“Playing as the bad guy gives a thrill that you don’t often see in JRPGs.”
When you select an action, you will be shown an ‘imagination chain’: a several second preview of how your attack will pan out, including your enemy’s reactions. If you don’t like it, you can back out and try something different. This allows you to plan around your enemies and adds a level of tactics that’ll make you think about the cohesion of your team as well as just straight up DPS.
It’s really satisfying to plan out your attack just right and counter everything coming your way to just wipe the floor with your enemies.
Each club member has their own unique weapon and abilities that do an assortment of different things, from launching enemies to the air, knocking them down, and increasing their risk of defense breaks. While I did eventually find a favourite party, there weren’t any dud members and I had a great time with all of them.
The menu systems, layouts, and pacing of these battles have been much improved from the names, statuses, and overly large icons that cluttered the screen in the original. The result is a streamlined and clean battle system that makes fighting enemies and bosses a joy rather than a chore.
The tedious and confusing “Causality Link” – a system that describes the way you can recruit NPCs into your party – is unchanged from the original game, which is a tragedy.
There is a massive 500+ unique students you can add to your party: ‘unique’ here meaning ‘has a different name’. You could have told me that there were only 30 different students and I would have believed you. Their attack abilities are just reduced versions of the club members’, and their missions are barely-disguised fetch quests. You can get some cool abilities for completing them, but I largely didn’t bother. There should have been maybe 50 different students with actually unique quests and abilities, but as it is they’re totally forgettable. I was really hoping they would make the Causality Link system work this time, since the story is about opening up and making human connections. This might have really been a cool feature, but they still don’t seem to have made it work.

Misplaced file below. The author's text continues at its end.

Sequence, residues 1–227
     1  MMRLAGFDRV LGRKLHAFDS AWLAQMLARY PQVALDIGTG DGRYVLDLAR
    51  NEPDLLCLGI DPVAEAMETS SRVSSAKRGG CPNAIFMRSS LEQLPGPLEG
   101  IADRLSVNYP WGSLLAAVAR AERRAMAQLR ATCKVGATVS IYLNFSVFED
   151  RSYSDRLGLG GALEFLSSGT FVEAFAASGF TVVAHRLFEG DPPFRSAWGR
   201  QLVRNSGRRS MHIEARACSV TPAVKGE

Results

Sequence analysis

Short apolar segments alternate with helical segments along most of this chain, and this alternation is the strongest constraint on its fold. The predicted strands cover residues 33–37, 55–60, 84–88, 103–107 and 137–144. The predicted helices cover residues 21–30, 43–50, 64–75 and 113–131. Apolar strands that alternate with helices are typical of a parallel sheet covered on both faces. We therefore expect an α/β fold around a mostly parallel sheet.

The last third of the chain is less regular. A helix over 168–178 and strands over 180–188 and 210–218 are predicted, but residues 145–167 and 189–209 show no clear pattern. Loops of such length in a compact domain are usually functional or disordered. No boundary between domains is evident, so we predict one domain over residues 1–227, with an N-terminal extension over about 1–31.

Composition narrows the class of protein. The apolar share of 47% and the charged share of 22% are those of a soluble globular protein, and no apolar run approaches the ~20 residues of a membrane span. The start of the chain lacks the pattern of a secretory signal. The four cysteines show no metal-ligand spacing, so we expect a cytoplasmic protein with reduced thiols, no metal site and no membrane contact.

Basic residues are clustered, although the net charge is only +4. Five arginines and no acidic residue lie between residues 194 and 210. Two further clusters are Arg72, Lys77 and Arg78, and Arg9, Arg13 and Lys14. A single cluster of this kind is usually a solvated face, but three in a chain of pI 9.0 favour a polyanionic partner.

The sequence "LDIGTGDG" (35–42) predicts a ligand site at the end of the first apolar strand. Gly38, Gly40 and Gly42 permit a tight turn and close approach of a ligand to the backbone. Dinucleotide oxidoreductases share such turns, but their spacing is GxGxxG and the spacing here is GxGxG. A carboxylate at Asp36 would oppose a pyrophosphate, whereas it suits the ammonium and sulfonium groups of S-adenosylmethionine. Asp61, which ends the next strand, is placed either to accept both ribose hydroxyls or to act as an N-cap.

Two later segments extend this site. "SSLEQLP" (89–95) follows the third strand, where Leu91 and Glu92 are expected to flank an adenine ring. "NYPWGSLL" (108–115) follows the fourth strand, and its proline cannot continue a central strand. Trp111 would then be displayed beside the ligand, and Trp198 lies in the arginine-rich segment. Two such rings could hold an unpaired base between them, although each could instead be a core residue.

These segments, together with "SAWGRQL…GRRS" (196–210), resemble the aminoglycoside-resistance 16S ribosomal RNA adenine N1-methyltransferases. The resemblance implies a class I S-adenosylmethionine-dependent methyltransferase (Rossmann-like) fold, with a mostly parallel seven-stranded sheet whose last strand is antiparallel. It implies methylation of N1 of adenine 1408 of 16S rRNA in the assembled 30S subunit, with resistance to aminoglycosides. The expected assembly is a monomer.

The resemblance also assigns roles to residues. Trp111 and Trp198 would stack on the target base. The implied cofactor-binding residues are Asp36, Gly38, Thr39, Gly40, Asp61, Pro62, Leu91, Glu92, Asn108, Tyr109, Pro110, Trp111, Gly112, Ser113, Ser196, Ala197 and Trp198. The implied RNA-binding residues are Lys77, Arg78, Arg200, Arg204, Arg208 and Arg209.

As a final note: Overdose supposedly has improved graphics, but if you ask me it may not even be as good as the original, which had at least the PS Vita’s OLED screen. Character models are fuzzy and certain textures look low-res. It got pretty distracting, though the character illustrations are as crisp and beautiful as ever and it isn’t noticeable during battles. Hopefully this is a platform specific problem and the PS4/PC versions of The Caligula Effect: Overdose will look a little better.
The Caligula Effect: Overdose vastly improves the battle system over the original game, and also adds a large amount of good quality story content. It still misses the mark on the NPC allies and some of the dungeon design, which seriously holds it back. I enjoyed myself despite its problems though, and I’ll easily recommend it to JRPG fans and those who can’t wait for the next Persona.